Alleged NYSC Act Violation: SPIDEL can’t sue without NBA’s authority—Court


A Federal High Court sitting in Abuja on Thursday dismissed a lawsuit filed by officials of the Nigerian Bar Association’s Section on Public Interest and Development Law (NBA-SPIDEL), seeking removal of the Minister of Art, Culture, and Creative Economy, Hannatu Musawa from office.

The trial high court held that SPIDEL, being not a registered body, lacked the locus standi to sue.

BAR & BENCH WATCH reports that about seven months ago after President Bola Ahmed Tinubu listed Hannatu Musawa as one of his ministerial nominees, there was an intense controversy on her eligibility on the account that she was a serving corps member.

Notwithstanding the controversy, the Senate endorsed her appointment, a development that divided the Nigerian bar and the human rights community.

For instance, while the Human Rights Writers Association of Nigeria (HURIWA) felt it was a criminal offence for Hannatu to take up such appointment while still a corps member serving in a chamber in Wuse II, Abuja, a top lawyer, Mr Kunle Adegoke, SAN said the controversy over Musawa’s appointment was unnecessary because appointment into a political office is a call to service and should not be seen as employment for personal gains.

Adegoke said the appointment is a continuation of her duties as a youth corps member under the Act and should not attract any remuneration beyond what is payable to an average youth corps member until the expiration of her period for youth service.

“The only instance in which she could have committed an offence contrary to the NYSC Act is if she had claimed that she had completed youth service before her appointment as a minister.

“I believe that rather than creating a storm in a tea cup, this matter should be treated as stated herein,” he maintained.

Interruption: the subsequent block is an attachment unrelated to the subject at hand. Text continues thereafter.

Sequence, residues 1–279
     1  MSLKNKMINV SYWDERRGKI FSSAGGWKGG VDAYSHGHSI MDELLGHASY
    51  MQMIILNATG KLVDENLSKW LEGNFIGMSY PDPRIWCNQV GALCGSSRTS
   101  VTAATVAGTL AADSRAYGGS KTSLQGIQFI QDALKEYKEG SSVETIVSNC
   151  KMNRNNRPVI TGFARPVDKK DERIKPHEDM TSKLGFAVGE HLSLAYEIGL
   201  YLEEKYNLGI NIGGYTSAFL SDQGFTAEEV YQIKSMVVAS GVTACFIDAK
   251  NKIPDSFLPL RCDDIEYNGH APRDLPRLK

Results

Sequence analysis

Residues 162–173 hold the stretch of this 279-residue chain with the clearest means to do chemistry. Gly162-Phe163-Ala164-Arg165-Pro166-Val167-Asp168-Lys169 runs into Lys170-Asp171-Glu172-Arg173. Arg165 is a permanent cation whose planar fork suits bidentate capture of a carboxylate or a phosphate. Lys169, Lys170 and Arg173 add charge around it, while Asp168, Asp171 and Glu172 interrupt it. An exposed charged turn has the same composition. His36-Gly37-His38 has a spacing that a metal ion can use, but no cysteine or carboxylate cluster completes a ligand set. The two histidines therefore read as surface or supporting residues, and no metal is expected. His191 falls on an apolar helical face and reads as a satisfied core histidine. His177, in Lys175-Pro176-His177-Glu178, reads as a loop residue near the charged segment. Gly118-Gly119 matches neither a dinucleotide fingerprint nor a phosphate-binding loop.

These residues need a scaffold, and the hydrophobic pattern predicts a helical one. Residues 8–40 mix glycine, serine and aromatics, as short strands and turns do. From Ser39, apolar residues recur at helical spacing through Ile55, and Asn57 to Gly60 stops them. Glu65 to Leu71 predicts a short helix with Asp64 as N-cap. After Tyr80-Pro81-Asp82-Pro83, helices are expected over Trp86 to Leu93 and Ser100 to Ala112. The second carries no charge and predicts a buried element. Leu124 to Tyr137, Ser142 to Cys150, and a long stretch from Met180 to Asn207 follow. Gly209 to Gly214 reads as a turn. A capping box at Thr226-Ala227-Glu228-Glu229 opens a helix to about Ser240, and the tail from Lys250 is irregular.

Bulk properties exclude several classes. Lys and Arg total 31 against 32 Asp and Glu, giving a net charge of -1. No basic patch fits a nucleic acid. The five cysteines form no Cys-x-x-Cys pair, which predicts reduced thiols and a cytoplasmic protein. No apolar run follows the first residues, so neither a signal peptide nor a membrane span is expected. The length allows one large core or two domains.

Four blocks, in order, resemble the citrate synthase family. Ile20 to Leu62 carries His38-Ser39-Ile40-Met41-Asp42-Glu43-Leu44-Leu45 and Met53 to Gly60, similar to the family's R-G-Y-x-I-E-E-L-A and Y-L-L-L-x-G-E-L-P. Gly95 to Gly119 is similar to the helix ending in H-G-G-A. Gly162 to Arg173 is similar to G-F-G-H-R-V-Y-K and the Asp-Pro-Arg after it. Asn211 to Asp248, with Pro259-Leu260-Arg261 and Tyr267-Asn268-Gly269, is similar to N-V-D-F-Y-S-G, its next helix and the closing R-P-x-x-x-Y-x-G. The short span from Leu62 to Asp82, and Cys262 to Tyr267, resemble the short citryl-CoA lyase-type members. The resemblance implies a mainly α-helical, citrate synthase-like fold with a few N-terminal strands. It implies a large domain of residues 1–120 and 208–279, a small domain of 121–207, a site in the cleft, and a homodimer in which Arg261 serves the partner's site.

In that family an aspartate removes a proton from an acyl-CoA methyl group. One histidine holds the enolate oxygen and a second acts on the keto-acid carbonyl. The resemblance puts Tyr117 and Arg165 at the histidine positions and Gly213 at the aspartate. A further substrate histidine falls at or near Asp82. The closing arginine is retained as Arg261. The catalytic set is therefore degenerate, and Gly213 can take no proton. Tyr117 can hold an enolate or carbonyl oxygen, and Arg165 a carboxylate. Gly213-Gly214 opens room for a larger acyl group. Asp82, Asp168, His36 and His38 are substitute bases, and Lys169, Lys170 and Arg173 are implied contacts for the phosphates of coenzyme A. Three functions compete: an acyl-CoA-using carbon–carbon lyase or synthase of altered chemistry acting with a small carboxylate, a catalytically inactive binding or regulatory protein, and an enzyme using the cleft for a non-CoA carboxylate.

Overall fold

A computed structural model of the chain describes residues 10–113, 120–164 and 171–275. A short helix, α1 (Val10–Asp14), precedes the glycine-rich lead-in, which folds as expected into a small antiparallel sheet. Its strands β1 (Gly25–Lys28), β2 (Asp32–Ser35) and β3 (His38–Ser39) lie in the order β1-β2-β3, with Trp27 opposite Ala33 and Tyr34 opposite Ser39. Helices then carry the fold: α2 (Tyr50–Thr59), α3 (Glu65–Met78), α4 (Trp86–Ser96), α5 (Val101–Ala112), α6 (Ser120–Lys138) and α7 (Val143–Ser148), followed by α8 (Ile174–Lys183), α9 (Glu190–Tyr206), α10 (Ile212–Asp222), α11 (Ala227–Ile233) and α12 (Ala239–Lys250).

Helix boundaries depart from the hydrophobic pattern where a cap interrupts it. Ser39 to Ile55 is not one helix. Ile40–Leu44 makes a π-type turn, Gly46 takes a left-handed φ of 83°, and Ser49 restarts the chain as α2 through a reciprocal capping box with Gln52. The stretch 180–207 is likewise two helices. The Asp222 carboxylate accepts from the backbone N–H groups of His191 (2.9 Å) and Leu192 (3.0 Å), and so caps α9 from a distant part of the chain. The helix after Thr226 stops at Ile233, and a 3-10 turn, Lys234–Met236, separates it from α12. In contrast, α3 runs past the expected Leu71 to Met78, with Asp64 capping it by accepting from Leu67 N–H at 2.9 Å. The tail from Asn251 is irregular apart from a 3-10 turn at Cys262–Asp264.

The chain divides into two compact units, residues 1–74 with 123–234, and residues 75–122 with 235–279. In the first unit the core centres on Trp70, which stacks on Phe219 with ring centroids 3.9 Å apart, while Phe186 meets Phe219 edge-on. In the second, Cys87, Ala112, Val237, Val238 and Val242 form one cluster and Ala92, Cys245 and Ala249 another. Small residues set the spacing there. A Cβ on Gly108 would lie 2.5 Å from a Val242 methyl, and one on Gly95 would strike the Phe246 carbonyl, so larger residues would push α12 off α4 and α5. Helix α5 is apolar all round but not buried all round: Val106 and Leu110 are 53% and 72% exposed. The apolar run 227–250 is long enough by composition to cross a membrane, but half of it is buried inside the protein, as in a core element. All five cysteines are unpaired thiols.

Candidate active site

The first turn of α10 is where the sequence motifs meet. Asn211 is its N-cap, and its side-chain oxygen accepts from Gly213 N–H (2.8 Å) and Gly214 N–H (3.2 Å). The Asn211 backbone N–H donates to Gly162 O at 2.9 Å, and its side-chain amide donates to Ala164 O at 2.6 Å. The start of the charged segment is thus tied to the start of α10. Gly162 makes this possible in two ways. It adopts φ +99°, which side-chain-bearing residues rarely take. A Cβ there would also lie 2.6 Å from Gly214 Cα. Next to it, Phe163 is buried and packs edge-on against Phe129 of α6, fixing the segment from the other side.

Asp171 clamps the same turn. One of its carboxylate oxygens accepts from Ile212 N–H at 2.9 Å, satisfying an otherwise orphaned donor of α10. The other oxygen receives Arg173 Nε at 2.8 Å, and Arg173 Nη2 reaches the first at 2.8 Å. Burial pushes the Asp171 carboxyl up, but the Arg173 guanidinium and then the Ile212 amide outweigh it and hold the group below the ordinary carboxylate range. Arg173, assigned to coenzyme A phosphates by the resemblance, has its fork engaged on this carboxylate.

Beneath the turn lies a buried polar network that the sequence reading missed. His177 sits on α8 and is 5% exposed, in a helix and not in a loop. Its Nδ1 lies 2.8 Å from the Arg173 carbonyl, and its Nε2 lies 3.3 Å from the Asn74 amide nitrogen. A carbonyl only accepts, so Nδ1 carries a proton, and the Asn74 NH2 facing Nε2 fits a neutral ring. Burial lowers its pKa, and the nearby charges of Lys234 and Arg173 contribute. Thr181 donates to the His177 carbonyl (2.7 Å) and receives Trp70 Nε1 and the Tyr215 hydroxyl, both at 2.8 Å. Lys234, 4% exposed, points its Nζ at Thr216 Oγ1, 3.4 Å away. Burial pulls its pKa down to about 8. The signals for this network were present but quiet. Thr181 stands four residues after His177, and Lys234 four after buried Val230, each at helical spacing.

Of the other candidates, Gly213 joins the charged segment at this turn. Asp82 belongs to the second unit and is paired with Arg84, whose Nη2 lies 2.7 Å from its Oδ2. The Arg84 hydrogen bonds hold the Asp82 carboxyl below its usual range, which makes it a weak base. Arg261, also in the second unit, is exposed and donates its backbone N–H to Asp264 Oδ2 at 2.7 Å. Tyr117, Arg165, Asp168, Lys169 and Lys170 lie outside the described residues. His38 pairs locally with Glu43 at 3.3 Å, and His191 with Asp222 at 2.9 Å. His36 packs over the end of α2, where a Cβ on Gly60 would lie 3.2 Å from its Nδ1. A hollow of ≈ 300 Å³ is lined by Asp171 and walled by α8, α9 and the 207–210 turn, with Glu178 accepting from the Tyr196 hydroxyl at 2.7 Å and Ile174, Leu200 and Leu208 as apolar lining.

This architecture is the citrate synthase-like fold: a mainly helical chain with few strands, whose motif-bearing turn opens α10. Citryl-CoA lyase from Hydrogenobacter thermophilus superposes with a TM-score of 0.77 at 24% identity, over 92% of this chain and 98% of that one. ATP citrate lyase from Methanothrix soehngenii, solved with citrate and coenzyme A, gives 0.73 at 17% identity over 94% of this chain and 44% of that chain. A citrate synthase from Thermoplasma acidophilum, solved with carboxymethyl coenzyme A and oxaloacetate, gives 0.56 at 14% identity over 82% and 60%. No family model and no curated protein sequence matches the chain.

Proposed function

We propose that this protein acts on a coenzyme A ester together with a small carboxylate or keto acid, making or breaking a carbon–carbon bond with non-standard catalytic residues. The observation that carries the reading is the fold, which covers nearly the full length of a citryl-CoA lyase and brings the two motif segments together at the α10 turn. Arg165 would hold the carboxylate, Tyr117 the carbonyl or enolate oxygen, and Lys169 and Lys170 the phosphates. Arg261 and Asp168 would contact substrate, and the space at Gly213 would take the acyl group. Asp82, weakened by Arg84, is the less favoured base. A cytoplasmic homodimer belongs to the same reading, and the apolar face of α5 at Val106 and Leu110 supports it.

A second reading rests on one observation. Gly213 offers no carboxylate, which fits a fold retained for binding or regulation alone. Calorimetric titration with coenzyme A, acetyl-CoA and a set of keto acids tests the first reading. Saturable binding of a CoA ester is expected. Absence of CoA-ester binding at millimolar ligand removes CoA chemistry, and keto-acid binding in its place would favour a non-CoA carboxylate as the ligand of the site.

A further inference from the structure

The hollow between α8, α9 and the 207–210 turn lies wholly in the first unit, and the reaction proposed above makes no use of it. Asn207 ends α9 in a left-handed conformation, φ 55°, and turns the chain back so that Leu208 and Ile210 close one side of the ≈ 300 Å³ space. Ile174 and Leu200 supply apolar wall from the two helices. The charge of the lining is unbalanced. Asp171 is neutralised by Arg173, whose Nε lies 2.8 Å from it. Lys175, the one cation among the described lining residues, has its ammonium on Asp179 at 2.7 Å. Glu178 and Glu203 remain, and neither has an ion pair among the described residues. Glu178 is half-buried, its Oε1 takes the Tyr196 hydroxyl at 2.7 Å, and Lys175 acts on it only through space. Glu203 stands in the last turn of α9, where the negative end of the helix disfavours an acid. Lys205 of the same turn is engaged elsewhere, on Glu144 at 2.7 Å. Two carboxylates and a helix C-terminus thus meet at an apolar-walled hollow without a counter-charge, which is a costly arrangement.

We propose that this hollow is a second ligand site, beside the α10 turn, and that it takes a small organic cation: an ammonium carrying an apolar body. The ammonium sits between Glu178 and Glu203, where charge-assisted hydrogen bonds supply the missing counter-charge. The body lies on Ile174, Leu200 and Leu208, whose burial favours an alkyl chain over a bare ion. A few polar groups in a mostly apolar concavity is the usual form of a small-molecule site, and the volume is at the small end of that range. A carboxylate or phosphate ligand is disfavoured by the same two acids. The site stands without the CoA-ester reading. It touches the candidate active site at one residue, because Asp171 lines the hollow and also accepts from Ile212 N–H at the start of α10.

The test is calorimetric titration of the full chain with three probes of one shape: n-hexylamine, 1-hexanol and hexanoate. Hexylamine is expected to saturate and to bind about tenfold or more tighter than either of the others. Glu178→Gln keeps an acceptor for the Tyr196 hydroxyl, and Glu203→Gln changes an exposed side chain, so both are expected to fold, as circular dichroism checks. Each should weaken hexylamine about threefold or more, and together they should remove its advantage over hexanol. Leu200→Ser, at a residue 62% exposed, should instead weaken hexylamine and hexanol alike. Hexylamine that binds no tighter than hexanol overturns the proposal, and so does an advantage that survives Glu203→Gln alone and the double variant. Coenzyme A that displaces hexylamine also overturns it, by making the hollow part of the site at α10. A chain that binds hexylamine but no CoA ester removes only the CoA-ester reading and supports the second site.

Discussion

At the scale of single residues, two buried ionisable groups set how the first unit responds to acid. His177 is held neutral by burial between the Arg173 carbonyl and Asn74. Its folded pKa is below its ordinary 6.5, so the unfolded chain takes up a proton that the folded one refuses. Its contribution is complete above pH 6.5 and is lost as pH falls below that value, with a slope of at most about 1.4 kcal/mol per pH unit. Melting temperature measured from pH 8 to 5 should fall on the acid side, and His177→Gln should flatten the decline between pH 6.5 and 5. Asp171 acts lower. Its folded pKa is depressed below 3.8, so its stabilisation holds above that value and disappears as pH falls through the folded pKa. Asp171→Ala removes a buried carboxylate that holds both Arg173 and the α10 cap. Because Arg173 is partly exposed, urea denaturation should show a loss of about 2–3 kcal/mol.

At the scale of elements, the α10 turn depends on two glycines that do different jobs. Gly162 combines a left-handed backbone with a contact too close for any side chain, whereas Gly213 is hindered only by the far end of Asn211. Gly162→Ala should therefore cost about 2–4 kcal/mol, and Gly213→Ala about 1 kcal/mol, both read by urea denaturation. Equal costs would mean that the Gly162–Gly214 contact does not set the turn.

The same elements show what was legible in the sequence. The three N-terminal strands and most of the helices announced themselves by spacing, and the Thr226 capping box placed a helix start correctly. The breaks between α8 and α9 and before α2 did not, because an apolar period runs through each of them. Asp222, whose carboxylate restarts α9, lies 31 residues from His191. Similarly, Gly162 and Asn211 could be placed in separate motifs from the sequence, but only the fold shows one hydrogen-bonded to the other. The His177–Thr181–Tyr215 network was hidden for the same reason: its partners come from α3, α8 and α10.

Not convinced that Musawa was eligible for appointment, NBA-SPIDEL approached the Federal high court for an order to remove the corper-minister from office without the authority of its parent body— NBA.

BAR & BENCH WATCH reports that the plaintiffs in the case— John Aikpokpo Martins, the Chairman of NBA-SPIDEL and Funmi Adeogun, the Secretary— had initiated the legal action in their official capacities without the authority of the Incorporated Trustees of the NBA.

Prior to the hearing of the case, the NBA had suspended the activities of NBA-SPIDEL’s leadership, citing allegations of misconduct and breach of association rules pending an investigation.

But soon after the lawsuit was filed, the NBA President, Yakubu Mikyau, SAN, had shown interest in the case.

Represented by a senior lawyer, Olusegun Jolaawo, SAN, the NBA President, submitted on March 18, 2024, on behalf of the incorporated Trustees of the NBA, that SPIDEL’s actions undermined the authority of the NBA President and violated the association’s constitution.

He further submitted that NBA-SPIDEL could not maintain the action in its current form and urged the court to dismiss the case with costs.

During hearing in the case on March 19, 2024, the court sought to determine whether SPIDEL, as an unregistered association, has the legal capacity to file such a suit.

The court consequently ordered that NBA President be formally served processes in the case to enable him share his perspective on the issue.

The invitation had provided the NBA with an opportunity to be heard, in view of the frequent mention of the association in the legal processes.

After hearing out parties on the issue, the Federal high court dismissed the suit for want of jurisdiction.

The court held that NBA-SPIDEL did not have the locus standi to sue by virtue of Section 17(1) of the NBA Constitution, NBA-SPIDEL, being a creation of the Nigerian Bar Association (NBA) constitution.

The court held that  notwithstanding the fact that the Sixth Schedule of the NBA Constitution mentions NBA-SPIDEL as one of its sections, NBA-SPIDEL, being a mere section under the NBA and an unincorporated body, cannot independently file an action without the involvement of the Incorporated Trustees of the NBA.

The court specifically held that the NBA-SPIDEL owes its existence to the NBA or the Incorporated Trustees of the NBA.

The court further maintained that even if the suit were brought in their personal capacities, they would still lack the competence to pursue the case before the court.

The court thereafter dismissed the suit, stating that the plaintiffs acted contrary to Section 17(4) of the NBA Constitution by holding themselves out as representatives of the NBA without the involvement of the Incorporated Trustees.

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